From: Alarm666 Webzine
Published: February 12, 2013
*Translated by Allan Nielsen
From Australia comes the doom metal band Subterranean Disposition, which is an onemanband, where everything is written and recorded (excluding a few minor guest acts) by Terry Vainoras. According to the press, Terry has also been involved in a few different bands and project, and that can also be heard on “Subterranean Disposition”, which is the band’s debutalbum.
The starting point is the well-known genre doom metal, which we know from classic bands like My Dying Bride, old Anathema, Draconian etc. Though you can hear that Terry wants to play around with known elements from the genre, and experiment a bit, it has all resulted in a quite versatile album.
The opening track “Between Apes and Angels” starts out quite traditionally with a calm, build-up intro, following with the heavy feature of a good riff and deep growls, and later in the both Aaron Stainthorp-inspired half-spoken vocal, prolonging piece á la Candlemass more heavy input, and in the end a replay of the calm intro as an outro. A decent and classical well-written doom-track that immediately draws the listener’s attention.
“Prolong This Agony” follows up, and also draws a few similarities to Anathema and My Dying Bride, and suddenly falls down into a silent passage with some female vocals. That unfortunately doesn’t have a lucky outcome, primarily because of the singer Phoebe Pinnock’s voice which lacks a bit power and tone. Looking past that, it’s a decent track with good variations and melancholic melodies.
The next 12-minute long track “Seven Sisters of Sleep” surprises on the way through, with a really heavy staccato-piece, where there is put a megaphone-effect over the loud vocals, and ends with an almost Cult of Luna-sounding passage. The track ends with slow doom and a sad mood. That mood continues prevailing in the following “The Most Subtle of Storms”, which is the albums longest track of almost 15 minutes. A track full of variance and with some ingredients added to the mix. The melodic fiddle-fiddle piece that suddenly emerges as a giant from a box, seems a bit misplaced, but most surprising it (the track) is, since we halfway through are met by a calm jazzy saxophone! Very special and original, but maybe a bit too experimental to fit into the track as a whole. A bit of sea winds and storm before a calm fingerpicked piece ends “Seven Sisters of Sleep”.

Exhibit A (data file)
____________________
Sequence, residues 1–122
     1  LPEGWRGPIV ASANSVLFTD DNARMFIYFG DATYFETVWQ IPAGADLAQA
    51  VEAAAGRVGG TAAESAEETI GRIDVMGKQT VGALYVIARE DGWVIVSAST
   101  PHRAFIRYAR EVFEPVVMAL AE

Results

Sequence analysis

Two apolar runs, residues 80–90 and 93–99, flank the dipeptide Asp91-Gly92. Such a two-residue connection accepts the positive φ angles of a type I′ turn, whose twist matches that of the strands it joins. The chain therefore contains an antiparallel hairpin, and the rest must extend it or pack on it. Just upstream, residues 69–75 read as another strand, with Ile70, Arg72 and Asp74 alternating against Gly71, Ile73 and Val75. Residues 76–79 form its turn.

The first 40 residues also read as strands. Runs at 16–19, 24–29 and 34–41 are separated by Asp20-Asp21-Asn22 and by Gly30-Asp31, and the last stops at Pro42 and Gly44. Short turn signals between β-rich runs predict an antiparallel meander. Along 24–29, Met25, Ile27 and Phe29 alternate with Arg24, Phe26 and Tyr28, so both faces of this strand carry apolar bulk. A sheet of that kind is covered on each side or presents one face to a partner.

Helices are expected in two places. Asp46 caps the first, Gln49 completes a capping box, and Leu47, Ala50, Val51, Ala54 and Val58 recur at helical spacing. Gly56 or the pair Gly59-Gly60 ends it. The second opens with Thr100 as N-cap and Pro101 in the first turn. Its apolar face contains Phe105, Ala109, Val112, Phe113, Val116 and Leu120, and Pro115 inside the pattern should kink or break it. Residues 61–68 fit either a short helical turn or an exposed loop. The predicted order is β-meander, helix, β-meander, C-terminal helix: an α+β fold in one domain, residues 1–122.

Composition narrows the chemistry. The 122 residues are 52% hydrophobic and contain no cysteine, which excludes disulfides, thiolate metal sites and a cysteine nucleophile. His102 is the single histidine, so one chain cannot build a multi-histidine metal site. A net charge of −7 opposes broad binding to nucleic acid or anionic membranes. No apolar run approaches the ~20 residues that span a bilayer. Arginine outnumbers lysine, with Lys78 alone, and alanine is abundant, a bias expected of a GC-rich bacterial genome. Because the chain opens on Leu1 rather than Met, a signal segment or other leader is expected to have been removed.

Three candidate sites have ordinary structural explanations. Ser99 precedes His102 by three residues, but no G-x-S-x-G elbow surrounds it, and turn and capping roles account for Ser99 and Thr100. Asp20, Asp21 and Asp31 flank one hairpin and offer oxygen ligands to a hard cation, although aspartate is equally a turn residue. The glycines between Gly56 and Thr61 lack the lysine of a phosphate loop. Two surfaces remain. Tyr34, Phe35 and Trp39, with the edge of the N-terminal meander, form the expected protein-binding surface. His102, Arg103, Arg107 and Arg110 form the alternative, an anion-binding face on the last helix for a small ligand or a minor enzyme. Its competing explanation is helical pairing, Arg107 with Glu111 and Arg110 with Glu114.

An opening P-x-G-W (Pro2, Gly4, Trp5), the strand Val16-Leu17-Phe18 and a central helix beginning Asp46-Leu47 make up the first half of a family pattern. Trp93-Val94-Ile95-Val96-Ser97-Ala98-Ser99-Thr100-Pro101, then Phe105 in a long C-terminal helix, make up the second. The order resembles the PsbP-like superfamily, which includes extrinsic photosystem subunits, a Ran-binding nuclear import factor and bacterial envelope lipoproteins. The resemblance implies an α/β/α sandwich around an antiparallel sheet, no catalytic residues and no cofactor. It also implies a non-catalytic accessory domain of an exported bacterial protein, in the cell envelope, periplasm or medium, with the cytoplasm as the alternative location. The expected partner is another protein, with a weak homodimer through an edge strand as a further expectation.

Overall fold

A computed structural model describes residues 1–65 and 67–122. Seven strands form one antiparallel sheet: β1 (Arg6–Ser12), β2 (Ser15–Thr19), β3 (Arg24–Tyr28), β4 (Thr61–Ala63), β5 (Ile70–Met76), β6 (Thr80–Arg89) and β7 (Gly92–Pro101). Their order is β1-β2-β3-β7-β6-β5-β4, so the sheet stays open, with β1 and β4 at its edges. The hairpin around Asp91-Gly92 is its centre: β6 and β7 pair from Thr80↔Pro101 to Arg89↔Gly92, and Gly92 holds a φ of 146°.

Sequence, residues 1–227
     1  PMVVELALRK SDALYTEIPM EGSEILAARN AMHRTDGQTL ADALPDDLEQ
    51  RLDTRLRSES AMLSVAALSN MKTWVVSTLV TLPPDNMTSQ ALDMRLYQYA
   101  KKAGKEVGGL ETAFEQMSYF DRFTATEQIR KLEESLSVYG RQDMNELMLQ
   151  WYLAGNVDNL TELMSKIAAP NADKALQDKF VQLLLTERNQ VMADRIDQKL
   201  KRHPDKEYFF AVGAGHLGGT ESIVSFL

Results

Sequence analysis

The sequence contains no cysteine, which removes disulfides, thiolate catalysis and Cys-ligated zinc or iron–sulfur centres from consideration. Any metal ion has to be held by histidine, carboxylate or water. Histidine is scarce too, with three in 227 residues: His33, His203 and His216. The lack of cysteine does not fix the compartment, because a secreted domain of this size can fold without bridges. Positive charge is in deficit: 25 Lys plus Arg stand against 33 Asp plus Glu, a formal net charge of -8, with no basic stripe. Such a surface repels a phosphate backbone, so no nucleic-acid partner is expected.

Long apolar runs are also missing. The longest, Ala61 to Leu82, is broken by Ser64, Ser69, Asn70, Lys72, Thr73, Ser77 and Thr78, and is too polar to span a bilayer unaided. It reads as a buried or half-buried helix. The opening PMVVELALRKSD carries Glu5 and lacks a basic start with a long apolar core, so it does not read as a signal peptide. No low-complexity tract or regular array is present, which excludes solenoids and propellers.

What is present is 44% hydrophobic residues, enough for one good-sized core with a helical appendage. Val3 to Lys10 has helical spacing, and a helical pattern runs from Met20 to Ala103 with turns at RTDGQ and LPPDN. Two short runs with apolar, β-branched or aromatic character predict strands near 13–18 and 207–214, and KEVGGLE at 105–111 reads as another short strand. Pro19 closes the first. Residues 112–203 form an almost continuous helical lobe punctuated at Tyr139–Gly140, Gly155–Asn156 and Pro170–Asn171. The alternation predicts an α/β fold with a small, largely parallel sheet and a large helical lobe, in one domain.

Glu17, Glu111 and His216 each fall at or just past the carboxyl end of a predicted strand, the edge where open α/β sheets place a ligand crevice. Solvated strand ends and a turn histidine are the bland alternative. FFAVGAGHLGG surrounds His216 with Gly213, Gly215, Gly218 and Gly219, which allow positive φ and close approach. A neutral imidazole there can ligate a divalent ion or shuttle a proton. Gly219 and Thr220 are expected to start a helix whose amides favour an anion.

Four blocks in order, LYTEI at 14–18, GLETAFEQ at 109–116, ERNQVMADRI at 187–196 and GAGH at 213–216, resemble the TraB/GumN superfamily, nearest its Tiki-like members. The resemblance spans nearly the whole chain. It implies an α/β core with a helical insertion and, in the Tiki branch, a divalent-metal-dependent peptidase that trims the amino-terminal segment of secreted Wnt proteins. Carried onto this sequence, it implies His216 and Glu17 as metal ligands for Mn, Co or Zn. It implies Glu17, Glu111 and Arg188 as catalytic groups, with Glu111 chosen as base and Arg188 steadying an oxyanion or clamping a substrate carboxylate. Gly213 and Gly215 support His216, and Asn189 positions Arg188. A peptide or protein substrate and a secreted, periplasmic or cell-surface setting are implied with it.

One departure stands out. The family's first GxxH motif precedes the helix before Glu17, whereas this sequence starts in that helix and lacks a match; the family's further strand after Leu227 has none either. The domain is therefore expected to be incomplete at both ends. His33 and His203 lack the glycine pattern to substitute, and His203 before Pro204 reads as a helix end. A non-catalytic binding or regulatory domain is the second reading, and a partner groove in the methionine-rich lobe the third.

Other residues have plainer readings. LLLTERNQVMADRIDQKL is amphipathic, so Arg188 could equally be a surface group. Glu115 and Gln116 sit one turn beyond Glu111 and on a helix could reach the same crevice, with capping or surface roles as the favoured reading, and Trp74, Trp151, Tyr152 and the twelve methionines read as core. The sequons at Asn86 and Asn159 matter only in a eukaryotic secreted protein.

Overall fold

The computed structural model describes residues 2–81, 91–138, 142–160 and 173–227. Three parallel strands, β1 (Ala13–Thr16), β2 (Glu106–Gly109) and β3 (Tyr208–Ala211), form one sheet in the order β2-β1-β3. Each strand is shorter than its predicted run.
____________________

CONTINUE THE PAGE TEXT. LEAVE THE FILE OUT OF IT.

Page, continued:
The album is ended by “Wailing My Keen” which – together with the opening track – is my favourite. A really good track, already when the vocals first kicks in with deep growling and clean singing. Goosebumps! Phoebe is also a guest on this track, but unlike her performance in “Prolong This Agony”, there’s a bit of luck. It is actually quite a simple track, but the dense atmosphere and melodies is all it needs, and the track serves as a perfect outro for “Subterranean Disposition”.
Terry Vainoras and his Subterranean Disposition Is definitely an exciting offering for the doom-genre. There are a lot of good inputs, but some that falls a bit off. As a whole, the fans of the 90ies’ doom-scene should listen to the Australian’s band output, since it undoubtedly has a lot to offer.
In : Album Reviews
Tags: subterranean disposition australia doom metal death-doom experimental okera insomnius dei